Pine trees are a beauty in any landscape and any season. They’re also evergreens, which means you can count on some natural color year round, whether you’re in the height of summer or the peak of winter. While they’re known for being fairly hardy trees, pine trees still need some special care, especially in the seasons they tend to be neglected the most.
Pine trees need some kind of watering year-round, even in the winter. However, it’s not always appropriate to water them every single winter day. Make sure the air temperature is at least 40 to 50°F, and that you water from the trunk of the tree to the area covered by the branches.
Of course, there are plenty of circumstances in which you should avoid watering pine trees in winter. And, there are just as many reasons to find the right conditions and take the time to water it throughout the winter.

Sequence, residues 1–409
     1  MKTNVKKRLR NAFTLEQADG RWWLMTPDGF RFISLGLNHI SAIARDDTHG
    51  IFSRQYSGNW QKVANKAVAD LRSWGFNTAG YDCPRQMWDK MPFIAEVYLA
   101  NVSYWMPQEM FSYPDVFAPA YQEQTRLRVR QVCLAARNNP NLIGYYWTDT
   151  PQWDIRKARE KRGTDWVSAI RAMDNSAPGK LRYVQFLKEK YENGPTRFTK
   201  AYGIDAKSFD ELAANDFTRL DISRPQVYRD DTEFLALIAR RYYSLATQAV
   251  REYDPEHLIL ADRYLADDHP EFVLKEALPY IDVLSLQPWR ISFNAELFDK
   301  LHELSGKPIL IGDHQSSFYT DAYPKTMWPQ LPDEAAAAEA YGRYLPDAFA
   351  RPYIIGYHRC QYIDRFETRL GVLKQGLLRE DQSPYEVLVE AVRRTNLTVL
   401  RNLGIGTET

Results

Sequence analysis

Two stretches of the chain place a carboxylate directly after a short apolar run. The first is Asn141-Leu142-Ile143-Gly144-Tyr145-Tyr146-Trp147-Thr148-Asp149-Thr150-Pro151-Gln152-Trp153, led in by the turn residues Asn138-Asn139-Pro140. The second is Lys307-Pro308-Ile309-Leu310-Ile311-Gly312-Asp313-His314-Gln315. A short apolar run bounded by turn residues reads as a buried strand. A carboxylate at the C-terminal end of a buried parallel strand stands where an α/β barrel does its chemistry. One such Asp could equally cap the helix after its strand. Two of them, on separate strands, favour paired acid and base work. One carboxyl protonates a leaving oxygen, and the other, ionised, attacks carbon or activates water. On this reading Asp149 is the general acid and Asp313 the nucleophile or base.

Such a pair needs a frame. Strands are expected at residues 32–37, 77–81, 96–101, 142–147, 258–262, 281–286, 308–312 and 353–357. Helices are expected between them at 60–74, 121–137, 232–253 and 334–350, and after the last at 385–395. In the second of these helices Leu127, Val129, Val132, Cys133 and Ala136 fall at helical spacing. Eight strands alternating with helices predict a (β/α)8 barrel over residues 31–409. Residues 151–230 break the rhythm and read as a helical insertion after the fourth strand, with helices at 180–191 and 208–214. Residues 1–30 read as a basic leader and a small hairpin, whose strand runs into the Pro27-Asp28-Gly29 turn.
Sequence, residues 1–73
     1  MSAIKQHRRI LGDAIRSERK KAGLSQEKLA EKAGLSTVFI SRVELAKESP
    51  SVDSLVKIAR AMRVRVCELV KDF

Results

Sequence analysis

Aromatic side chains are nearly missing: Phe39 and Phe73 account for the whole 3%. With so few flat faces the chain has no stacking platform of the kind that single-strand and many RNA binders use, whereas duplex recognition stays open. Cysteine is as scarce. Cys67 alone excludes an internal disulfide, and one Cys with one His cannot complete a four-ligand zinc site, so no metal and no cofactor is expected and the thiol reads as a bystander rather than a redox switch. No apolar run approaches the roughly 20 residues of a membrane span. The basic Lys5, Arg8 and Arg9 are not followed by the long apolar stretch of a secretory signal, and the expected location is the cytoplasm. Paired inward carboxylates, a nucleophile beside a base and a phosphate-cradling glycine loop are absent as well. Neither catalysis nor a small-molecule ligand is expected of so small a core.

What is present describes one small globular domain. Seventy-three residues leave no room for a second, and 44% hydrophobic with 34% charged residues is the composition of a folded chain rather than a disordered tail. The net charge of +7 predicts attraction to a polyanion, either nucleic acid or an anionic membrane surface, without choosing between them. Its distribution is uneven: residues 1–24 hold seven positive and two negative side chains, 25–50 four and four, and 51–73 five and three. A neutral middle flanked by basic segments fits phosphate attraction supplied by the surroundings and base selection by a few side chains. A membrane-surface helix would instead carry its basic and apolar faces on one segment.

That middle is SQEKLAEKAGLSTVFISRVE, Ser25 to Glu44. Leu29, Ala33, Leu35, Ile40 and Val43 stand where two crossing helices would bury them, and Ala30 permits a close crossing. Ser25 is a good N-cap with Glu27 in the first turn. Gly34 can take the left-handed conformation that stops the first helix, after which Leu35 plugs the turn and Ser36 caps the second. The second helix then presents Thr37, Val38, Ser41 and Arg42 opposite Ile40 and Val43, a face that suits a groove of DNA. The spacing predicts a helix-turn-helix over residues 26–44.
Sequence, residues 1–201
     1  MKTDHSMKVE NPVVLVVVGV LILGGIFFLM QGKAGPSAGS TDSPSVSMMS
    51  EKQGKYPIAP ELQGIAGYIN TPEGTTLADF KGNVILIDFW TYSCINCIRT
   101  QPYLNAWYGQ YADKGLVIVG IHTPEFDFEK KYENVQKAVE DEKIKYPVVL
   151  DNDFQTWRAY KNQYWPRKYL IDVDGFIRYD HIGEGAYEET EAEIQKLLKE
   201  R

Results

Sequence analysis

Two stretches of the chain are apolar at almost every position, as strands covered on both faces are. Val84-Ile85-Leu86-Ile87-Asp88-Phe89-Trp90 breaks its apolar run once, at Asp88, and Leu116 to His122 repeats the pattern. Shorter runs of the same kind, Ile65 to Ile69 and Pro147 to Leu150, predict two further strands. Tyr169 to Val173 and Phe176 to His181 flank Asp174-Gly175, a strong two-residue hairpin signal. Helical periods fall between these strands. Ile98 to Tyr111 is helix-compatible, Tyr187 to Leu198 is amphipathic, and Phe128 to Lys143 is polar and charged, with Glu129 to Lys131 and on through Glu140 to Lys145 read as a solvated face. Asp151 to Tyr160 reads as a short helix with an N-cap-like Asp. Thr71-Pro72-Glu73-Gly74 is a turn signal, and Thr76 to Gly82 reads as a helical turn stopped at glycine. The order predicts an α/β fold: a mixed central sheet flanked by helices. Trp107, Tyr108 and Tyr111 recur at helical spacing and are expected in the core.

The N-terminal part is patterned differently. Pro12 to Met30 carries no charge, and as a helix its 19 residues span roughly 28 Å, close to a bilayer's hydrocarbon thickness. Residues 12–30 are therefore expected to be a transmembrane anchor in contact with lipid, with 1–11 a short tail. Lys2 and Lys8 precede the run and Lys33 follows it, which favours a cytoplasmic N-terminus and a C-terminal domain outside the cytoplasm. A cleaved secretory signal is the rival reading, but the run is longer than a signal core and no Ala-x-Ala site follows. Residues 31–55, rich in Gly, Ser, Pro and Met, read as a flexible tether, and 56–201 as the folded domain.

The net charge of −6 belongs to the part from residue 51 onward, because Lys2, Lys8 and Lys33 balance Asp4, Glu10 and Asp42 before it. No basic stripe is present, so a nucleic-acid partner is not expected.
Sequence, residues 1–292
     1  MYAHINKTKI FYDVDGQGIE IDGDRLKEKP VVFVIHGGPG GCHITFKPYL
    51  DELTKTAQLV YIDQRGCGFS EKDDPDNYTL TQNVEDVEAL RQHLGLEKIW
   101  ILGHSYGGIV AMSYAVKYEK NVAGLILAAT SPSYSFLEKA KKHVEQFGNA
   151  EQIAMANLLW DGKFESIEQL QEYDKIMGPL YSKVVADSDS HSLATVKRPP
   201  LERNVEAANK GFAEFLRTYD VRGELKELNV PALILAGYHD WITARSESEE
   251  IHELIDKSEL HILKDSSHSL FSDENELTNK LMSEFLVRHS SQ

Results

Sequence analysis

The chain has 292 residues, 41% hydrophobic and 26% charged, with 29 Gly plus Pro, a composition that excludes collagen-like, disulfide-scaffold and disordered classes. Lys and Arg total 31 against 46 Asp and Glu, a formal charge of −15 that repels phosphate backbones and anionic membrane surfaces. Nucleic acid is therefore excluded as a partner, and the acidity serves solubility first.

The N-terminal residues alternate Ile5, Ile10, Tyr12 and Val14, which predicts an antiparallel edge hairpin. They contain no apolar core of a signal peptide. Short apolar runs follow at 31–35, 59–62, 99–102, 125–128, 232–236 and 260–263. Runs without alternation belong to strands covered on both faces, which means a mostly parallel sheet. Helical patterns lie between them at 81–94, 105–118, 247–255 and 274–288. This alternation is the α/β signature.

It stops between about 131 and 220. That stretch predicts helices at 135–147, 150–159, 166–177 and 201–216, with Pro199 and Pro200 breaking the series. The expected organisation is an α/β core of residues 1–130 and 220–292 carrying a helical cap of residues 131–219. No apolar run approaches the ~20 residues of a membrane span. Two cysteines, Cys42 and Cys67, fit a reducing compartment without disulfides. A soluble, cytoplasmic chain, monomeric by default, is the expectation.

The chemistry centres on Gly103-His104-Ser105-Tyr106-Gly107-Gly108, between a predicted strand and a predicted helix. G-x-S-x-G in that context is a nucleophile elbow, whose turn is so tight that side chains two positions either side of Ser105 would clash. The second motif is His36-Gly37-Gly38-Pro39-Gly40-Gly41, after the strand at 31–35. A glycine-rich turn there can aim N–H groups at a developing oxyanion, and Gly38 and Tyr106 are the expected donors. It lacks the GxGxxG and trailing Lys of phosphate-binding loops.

Why You Should (Or Shouldn’t) Water Your Pine Tree In The Winter
Far too many people make the mistake of thinking that because they are evergreen the trees will essentially take care of themselves. Now, there’s a reason people think that: evergreens are known to be fairly easy to care for.
However, like any other living organism, pine trees still need a little oversight, some
maintenance, and the proper resources to grow.
Think of evergreens also as ever-growing. They aren’t plants that go dormant for months at a time until you’re ready to plant them again in spring. That means that, unlike plants that go dormant over the winter, they still need the resources to maintain their health.
But there are some times during the winter months when pine trees shouldn’t be watered. Some guidelines for reasons you shouldn’t water your pine during the winter are:
- Temperatures under 40°F
- Recent precipitation
- Snow cover
- A heavy frost expected during the day
It’s overall quite fascinating these green giants grow during the winter – you can take a peak at our article on how evergreens grow during winter if you’d like to learn about that. Otherwise, read on!
4 Reasons To Water Your Pine Tree During The Winter